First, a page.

With the trend toward greenhouse production in Mexico, grower-shippers say several key benefits outweigh the expensive startup costs.
Mike Aiton, marketing director at Prime Time International, Coachella, Calif., said the cost of moving indoors is significant.
Still, Aiton said that most growers are willing to put up the initial expense when a future payoff is evident.
“You hope the payoff is that you’ll be able to enjoy a longer season. If you can harvest for a longer period of time, that’s more units from the same acreage,” he said.
Other benefits include higher quality crops, perhaps even with less input costs when you consider growers with protected growing environments might use less chemicals and other treatments.
“It protects crops from pests and disease,” Aiton said.
Growers say the country provides significant benefits that allow protected agriculture to flourish.
“Protected structures allow us to ship better quality products for longer periods compared to open-field crops. Quality tends to be better because the plants are not as susceptible to harsh weather as field-grown items,” said Sandra Aguilar, marketing manager, Ciruli Bros. LLC, Nogales, Ariz.
Some growers have noticed retailers request more greenhouse produce.
“Going forward, it is likely that retailers may show more preference for commodities that are grown in protected structures,” Aguilar said.
Aguilar suggests these requests reflect the benefits greenhouses bring to the deal.
“I think retailers are mainly focused on getting consistent quality at a competitive price and growing in protected structures enables us to provide our customers with that,” she said.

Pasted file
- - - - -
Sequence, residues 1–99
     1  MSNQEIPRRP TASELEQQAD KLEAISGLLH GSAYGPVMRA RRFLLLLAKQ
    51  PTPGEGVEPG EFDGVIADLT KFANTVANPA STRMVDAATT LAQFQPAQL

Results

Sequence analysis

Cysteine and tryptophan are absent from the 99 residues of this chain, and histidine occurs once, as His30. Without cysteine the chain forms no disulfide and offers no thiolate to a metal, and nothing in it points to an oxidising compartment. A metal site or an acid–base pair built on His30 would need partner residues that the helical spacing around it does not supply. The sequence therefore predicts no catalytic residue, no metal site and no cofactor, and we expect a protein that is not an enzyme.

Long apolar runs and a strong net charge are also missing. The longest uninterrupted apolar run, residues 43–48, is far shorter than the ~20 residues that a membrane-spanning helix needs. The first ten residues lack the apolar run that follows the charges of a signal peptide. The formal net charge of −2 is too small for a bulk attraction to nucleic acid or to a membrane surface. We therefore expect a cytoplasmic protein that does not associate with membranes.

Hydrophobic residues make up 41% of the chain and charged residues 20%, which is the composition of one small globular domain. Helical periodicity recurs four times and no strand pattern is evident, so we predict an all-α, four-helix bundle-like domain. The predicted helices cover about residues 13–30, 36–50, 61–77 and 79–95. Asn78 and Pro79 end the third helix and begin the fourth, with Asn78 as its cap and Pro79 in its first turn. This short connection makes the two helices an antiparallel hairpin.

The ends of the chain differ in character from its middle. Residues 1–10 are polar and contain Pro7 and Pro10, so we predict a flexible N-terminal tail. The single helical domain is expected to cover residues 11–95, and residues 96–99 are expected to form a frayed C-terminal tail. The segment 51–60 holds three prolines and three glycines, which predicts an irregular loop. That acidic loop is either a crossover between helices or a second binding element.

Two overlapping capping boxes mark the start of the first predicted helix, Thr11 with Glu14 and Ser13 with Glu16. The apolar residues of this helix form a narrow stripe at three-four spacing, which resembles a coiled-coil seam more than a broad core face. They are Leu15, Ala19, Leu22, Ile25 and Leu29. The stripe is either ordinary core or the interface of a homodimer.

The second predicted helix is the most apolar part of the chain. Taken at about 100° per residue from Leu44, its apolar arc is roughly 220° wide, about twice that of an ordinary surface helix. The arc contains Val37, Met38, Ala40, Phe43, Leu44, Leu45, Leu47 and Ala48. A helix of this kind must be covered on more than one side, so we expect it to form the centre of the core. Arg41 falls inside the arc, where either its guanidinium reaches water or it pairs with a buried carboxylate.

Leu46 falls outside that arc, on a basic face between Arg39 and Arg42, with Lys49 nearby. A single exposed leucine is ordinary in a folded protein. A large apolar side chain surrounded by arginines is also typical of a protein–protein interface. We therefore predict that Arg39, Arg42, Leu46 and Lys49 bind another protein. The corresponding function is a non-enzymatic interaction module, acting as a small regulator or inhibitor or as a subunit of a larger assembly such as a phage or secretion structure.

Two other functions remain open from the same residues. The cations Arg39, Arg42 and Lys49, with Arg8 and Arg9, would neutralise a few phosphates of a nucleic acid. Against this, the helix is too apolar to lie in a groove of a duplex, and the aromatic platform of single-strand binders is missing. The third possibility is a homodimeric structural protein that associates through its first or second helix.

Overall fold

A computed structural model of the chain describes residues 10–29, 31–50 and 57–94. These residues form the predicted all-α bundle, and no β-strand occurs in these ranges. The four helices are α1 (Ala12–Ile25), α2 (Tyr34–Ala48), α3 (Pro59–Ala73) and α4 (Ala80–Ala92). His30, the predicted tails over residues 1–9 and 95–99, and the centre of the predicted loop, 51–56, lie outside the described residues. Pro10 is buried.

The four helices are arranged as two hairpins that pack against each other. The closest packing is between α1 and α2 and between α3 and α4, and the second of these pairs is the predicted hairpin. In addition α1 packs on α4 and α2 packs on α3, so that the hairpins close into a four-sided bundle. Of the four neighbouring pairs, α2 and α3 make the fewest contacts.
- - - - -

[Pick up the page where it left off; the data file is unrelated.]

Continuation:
In addition, Aguilar said more consistent supplies mean an extended season, so the company can offer customers longer contracts.
Shippers say Mexico, specifically, is a great fit for protected agriculture because of the other benefits to year-round vegetable production.
“First, Mexico offers a lot of microclimates. When it’s too hot for production on the western side during the summer months, it’s already cooling off in the higher elevations of Central Mexico, so there are areas where it’s conducive to grow in the summer and in the winter,” said Fried De Schouwer, president of Greenhouse Produce Co. LLC, Vero Beach, Fla.
Other benefits include reasonable labor costs.
“Thanks to the favorable labor and energy conditions, we can be competitive in the marketplace,” De Schouwer said.
Jimmy Coppola, account and marketing manager for Westmoreland Sales, Leamington, Ontario, said food safety is also a factor.
“Protected agriculture is a good fit, not only for Mexico but in all areas, as it is found to be a safer environment for growing,” he said, mentioning there are fewer outbreaks of E. coli, salmonella and other illnesses.
“They can typically be found more in field crops than under glass or poly,” Coppola said.
Alfredo Diaz, CEO of the Culiacan-based Mexican Association of Protected Horticulture agreed.
“Sustainability, food safety and good quality fresh produce will be key elements in order to keep up with the demand of an ever increasing population, and to adhere to the new legislations that will ensure that the food the people pick off the shelf at the super market won’t make them sick,” he said.
De Schouwer said it’s important to remember that Mexico is the second-largest country when it comes to protected agriculture, after China.
“Mexico has seen a tremendous trend on the lower end but in the last three or four years, there has been significant growth on the higher-tech side of the business,” he said.
Greenhouse Produce uses medium to high-end greenhouses for all its production to maintain consistency.